Kerry Mason will join us to launch The Life and Art of Arthur Pitts (The Unheralded Artists of BC #10, Mother Tongue Publishing)
Thursday October 12, 7:00pm. Mahon Hall, Salt Spring Island.
Arthur Pitts (1889-1972) was born in London, UK, in the Edwardian age and pursued a career of art and adventure, first in South Africa, then Canada. From an early age, he was fascinated by indigenous cultures, which led him on a lifelong quest to document in vibrant watercolours, sketches and photographs, all he could see, as George Catlin, Paul Kane, Edward Curtis and Emily Carr had also done–in what Western society perceived to be “vanishing peoples.” Pitts also created entire series of landscapes, portraits and architectural subjects, commercial work and hundreds of cartoons for Punch magazine. Travelling more than 4,000 miles in British Columbia and Alaska, he produced a large body of work focusing on Coast Salish, Tlingit and Ktunaxa First Nations. Pitts’ fascinating story includes life as an artist in Vancouver in the 1920s and 1930s, where he attended the Vancouver School of Decorative and Applied Arts, studying under Fred Varley, Charles Scott and J W G Macdonald; WWI trench warfare and a host of “struggle and prevail” adventures. His work is in the collections of the Royal BC Museum, the Glenbow Museum and several important private collections abroad. Few have heard about Pitts or seen his work.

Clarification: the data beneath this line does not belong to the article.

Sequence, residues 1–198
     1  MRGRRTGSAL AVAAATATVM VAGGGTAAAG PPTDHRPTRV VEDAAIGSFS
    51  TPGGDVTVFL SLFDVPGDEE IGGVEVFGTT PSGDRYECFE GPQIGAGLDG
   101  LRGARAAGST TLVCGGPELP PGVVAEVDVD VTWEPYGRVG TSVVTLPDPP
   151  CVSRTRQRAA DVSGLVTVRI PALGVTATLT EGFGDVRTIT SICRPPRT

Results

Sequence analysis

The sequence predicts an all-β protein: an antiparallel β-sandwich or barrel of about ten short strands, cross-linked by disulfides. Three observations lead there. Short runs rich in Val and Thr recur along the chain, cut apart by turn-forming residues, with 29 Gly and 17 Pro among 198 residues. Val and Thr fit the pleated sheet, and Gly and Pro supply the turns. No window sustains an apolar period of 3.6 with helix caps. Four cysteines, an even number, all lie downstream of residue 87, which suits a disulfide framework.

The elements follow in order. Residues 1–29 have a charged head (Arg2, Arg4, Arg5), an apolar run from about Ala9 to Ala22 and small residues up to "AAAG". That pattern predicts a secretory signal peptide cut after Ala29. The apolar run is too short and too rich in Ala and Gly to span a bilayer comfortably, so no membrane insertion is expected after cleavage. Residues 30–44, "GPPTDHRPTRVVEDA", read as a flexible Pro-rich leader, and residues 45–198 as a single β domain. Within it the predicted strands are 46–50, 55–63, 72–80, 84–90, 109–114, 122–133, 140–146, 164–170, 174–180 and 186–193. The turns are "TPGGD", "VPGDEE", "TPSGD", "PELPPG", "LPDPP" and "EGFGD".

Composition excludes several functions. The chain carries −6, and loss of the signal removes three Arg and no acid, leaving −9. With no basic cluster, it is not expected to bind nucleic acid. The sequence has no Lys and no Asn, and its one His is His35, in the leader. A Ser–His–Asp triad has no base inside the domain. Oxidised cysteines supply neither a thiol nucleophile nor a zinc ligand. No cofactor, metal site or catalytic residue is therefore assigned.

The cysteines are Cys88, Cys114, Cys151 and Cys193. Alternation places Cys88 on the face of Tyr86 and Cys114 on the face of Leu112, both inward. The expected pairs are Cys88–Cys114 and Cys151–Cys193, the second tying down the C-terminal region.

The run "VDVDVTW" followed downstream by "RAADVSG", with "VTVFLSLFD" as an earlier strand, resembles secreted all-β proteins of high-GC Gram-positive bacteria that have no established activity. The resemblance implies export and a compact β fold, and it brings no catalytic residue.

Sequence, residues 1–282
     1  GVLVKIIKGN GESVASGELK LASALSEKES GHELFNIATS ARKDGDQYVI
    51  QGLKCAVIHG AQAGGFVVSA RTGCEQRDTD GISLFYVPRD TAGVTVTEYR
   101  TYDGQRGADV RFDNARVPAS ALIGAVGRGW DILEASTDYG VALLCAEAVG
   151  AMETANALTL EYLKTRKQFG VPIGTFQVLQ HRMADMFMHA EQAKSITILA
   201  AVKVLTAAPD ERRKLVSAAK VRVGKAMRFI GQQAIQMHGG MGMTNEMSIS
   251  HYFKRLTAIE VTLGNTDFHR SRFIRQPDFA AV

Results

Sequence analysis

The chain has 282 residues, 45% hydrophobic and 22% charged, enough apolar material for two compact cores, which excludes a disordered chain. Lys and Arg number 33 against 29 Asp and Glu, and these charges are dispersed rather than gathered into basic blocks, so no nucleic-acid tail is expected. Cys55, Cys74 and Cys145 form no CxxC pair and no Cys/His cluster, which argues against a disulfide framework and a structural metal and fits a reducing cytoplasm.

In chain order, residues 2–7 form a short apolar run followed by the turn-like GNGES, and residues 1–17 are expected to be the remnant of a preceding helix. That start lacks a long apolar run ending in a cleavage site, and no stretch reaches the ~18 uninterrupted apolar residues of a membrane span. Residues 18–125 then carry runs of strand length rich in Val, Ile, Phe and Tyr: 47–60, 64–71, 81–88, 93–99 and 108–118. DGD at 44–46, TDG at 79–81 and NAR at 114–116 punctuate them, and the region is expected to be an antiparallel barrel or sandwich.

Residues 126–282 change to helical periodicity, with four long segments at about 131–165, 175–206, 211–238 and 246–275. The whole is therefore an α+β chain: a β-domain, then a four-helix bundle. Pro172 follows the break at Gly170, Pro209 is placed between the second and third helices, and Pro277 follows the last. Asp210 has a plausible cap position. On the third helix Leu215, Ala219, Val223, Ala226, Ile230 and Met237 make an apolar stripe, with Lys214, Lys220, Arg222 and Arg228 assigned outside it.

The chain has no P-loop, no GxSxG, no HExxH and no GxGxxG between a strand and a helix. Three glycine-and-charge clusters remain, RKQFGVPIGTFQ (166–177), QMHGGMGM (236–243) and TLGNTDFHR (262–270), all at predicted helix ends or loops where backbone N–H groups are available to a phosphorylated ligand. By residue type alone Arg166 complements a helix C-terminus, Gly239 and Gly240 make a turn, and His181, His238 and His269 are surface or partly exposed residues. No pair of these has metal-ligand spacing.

Kerry Mason, B.A. M.A. is an art historian, author, curator and art consultant who lectures at the University of Victoria, University of Colorado, the Victoria College of Art and Vancouver Island School of Art, offering courses on Canada and British Columbia with an emphasis on Emily Carr and Indigenous Arts of the Northwest Coast. Kerry has written many related articles, exhibit catalogues and a book, Sunlight in the Shadows: the landscape of Emily Carr, for Oxford University Press. She has curated more than fifty exhibitions for the University of Victoria and other institutions throughout North America.